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Are you referring to Joux here? Is the math for that really complicated? (I haven't tried to implement it.)

Later: I just read Ferguson, with the linear algebra.

Yeah. Joux's attack is conceptually simple. You have 2 tags T_0, T_1, obtained with distinct messages and the same IV. This means T_0 = S_0 ^ X and T_1 = S_1 ^ X, where X is the same value for both. So you have T_0 ^ T_1 = S_0 ^ S_1. S_0 and S_1 are the polynomial evaluation of the ciphertext at H, the authentication key (which is also the same).

Now, via a simple polynomial evaluation property, you have f(x) + g(x) = (f + g)(x). We know f and g --- those are the two ciphertexts being authenticated here, interpreted as polynomials --- and we know that the polynomial f + g - S_0 - S_1 must be 0 at H. From there it's a matter of finding the roots of this polynomial, one of which is H, and this is the mathematically complicated part of the attack. Though you can treat root-finding as a black-box, the keywords here are Berlekamp or Cantor-Zassenhaus.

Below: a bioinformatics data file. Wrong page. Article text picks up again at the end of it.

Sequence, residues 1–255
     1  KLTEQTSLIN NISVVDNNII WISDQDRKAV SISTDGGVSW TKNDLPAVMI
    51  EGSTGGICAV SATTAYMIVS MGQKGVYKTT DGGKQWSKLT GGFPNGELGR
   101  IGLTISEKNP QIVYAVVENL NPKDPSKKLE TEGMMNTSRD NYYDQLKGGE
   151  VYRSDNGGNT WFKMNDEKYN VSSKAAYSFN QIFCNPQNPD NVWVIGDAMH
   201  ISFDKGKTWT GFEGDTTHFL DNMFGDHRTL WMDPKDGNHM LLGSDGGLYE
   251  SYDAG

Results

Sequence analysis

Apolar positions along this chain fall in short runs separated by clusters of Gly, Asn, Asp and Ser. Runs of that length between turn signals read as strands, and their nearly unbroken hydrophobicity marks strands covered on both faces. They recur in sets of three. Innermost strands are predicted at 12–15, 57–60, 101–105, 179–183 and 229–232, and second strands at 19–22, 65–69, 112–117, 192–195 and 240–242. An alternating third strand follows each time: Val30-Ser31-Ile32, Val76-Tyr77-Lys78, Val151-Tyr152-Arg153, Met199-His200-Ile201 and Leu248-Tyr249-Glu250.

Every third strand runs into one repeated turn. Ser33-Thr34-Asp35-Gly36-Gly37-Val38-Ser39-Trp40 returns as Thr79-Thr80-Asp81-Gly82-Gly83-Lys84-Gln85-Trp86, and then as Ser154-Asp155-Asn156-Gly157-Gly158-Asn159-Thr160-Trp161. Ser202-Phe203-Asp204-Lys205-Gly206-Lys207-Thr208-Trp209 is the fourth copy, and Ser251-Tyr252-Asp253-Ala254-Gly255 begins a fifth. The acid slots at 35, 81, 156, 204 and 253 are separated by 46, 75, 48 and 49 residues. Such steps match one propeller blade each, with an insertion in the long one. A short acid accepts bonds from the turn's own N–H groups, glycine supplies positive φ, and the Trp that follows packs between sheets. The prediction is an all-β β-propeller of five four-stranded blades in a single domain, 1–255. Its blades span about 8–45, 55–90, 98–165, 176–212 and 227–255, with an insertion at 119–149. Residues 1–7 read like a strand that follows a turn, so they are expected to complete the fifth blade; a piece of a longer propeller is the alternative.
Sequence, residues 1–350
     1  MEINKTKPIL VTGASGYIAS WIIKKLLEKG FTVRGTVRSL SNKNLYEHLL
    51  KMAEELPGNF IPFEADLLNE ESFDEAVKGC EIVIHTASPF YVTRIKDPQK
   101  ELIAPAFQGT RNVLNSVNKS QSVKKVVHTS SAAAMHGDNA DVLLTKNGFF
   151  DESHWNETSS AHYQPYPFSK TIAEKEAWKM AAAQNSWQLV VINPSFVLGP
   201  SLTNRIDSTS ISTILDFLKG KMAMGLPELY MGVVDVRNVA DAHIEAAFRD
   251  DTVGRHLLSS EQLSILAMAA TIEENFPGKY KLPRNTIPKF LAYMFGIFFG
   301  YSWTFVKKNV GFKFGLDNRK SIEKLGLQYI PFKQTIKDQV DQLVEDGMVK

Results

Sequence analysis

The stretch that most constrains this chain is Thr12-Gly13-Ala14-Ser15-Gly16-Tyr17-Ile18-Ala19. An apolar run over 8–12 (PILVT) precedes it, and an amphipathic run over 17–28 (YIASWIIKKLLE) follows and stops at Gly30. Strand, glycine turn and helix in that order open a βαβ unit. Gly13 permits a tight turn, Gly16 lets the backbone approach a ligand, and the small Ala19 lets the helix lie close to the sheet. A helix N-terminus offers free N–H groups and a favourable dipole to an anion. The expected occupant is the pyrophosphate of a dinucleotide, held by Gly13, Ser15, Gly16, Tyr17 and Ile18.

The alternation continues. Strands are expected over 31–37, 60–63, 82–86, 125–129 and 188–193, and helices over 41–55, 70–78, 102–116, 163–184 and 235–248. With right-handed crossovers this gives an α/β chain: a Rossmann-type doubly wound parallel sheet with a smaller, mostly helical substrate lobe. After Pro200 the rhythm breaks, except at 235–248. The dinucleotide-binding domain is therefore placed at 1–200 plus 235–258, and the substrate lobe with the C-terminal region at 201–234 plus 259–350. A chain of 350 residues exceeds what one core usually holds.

(Hopefully I didn't get this too wrong, I'm handwaving here)

Can you imagine how much more insufferable I'm going to be once I have worked examples of these attacks? ;)

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